Bishop apologizes for sexual abuse by priests

Recalling his own experiences as a young boy, the Catholic Diocese of Gallop Bishop Donald Pelotte apologized Sunday, Sept. 18 to the victims of juvenile sexual abuse by priests in the Winslow Parish.

Bishop Pelotte celebrated Mass at St. Joseph's Catholic Church Sept. 18, and his message was one of reconciliation and apology. This is the first time an apology has been made at the parish level.

The bishop told the congregation that as a young boy a priest tried to abuse him.

"I told my mother, who luckily believed me. She reported it to church officials, and the priest was removed," Bishop Pelotte said.

Bishop Pelotte said the Gallup Diocesan Review Board on Juvenile Sexual Abuse has encouraged him for months to visit Winslow to reflect on what happened here.

"The board encouraged me to talk from the heart. In May, I met with victims of priest abuse. Today, I want to see if we can include the parish in healing this abuse. Two priests that served in Winslow were the most abusive in the diocese. Father Hageman is deceased and Father Burns is in prison in Florence," Bishop Pelotte said.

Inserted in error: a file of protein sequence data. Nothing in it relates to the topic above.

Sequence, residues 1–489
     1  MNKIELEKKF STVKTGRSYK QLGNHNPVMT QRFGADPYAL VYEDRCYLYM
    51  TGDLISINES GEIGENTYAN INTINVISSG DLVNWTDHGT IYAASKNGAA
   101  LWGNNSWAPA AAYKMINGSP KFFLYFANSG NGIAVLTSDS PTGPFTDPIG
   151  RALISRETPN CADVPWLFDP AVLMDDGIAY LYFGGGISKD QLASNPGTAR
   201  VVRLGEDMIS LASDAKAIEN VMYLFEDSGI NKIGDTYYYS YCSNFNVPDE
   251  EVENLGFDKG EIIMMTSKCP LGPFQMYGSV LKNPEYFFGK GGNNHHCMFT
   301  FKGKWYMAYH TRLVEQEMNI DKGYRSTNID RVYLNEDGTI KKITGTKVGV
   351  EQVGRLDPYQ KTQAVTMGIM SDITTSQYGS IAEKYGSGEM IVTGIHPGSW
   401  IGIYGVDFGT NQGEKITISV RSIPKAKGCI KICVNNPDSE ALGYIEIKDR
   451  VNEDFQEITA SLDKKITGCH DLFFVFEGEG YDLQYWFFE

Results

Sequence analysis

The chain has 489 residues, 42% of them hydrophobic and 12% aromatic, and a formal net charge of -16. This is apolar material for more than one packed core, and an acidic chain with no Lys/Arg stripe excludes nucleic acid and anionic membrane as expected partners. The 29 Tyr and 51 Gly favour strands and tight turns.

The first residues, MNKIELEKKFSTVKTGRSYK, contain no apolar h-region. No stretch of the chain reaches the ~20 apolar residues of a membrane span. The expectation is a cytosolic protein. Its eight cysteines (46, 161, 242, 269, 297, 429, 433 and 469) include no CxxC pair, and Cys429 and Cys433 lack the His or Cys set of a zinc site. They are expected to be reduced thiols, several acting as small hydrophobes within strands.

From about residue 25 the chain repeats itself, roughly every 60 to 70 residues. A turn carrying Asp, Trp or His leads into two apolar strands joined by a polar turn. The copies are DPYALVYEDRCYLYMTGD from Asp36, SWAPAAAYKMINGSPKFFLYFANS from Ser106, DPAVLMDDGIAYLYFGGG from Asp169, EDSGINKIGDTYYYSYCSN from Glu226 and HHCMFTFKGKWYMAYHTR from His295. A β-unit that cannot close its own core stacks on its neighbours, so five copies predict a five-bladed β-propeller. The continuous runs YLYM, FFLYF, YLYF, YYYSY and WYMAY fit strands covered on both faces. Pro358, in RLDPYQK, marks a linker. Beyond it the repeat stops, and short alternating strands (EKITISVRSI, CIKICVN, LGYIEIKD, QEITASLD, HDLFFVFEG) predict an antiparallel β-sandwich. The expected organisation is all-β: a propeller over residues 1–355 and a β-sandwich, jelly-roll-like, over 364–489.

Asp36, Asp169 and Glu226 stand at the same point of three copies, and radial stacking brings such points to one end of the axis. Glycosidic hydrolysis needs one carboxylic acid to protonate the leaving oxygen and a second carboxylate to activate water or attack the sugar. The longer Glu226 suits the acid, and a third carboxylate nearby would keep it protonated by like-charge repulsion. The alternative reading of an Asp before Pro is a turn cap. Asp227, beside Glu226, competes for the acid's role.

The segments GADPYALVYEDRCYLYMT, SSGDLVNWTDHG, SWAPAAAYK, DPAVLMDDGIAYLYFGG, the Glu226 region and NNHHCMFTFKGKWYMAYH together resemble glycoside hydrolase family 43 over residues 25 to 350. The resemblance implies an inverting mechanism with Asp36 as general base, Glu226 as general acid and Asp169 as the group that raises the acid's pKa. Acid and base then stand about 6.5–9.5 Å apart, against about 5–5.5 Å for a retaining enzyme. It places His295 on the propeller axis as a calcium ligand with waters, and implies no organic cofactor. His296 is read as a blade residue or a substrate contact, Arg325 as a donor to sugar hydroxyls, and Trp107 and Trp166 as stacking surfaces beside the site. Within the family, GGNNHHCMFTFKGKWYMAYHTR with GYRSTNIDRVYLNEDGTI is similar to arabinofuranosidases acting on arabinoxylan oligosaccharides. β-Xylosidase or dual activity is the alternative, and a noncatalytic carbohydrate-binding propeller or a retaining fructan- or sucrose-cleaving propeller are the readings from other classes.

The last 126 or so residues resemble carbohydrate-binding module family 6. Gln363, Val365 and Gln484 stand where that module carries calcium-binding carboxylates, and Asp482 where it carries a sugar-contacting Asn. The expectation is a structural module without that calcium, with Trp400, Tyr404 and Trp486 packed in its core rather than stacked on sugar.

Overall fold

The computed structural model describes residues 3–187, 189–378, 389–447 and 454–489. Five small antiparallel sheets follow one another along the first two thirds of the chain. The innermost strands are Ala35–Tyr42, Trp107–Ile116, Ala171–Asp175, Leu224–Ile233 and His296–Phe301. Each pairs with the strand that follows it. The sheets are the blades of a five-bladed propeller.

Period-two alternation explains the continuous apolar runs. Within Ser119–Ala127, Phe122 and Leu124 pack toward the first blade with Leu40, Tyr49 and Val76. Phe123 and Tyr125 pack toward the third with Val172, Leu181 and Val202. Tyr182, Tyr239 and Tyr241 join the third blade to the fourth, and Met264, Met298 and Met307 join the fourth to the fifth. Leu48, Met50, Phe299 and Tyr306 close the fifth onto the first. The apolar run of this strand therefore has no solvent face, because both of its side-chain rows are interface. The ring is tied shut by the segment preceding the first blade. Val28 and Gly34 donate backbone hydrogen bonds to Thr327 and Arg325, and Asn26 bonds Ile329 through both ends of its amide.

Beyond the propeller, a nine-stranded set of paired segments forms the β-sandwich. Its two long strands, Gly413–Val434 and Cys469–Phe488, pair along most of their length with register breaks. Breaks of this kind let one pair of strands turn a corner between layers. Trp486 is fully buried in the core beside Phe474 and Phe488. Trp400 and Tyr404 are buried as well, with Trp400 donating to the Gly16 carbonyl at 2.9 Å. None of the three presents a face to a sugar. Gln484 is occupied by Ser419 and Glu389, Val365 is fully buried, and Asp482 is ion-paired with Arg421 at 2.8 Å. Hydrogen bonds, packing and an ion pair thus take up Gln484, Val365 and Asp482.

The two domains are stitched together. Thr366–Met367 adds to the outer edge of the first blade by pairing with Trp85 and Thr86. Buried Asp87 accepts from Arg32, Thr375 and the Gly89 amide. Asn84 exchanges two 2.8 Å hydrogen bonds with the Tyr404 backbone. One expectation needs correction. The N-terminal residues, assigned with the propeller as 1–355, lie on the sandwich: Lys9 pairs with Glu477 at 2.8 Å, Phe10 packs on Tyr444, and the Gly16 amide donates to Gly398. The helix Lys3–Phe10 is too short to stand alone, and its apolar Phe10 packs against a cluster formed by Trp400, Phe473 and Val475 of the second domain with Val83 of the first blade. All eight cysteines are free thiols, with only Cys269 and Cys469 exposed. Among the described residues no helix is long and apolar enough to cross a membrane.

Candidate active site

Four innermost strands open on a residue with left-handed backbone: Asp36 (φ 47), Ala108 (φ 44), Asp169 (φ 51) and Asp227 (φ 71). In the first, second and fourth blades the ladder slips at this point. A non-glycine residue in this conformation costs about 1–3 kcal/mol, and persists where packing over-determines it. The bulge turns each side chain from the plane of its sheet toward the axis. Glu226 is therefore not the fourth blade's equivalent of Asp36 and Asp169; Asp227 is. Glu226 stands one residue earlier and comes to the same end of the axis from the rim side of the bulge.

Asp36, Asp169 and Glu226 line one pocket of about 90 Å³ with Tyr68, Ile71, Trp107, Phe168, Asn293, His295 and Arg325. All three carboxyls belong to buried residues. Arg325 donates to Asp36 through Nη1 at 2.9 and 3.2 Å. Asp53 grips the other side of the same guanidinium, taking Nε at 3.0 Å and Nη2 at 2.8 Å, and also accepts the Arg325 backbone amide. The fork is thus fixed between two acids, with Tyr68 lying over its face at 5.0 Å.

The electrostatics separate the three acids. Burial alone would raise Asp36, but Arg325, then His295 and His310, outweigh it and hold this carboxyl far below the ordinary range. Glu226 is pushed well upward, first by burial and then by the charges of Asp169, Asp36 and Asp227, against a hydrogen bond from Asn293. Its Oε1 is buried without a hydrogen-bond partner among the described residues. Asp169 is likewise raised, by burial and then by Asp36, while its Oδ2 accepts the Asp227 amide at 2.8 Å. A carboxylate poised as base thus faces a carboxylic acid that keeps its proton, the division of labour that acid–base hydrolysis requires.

The bishop said he was at St. Joseph's "to apologize in the name of the diocese for all the pain done by these two priests in the 50s, 60s and 70s."

Bishop Pelotte said the United State Conference of Catholic Bishops discussed the church's response to Hurricane Katrina. He noted the sexual abuse crisis in the Catholic community is another type of storm.

"Hurricane Katrina was an act of nature. The abuse was by priests who were thought to be men of integrity, men of God, men to be trusted," Bishop Pelotte said. "I came to see if I can help move the healing forward. I am willing to meet with any victim who has not come forward. I will meet them anywhere."

The bishop asked the parish to join him in the efforts to heal needed by parents, victims, family and friends.

Margie Trujillo, of Farmington, chairman of the juvenile sexual abuse review board, and Floyd Kezele, vice chairman of the review board, accompanied Bishop Pelotte on his visit to Winslow.

Trujillo said the review board oversees policies and procedures, and the action taken by the diocese on behalf of victims and their families.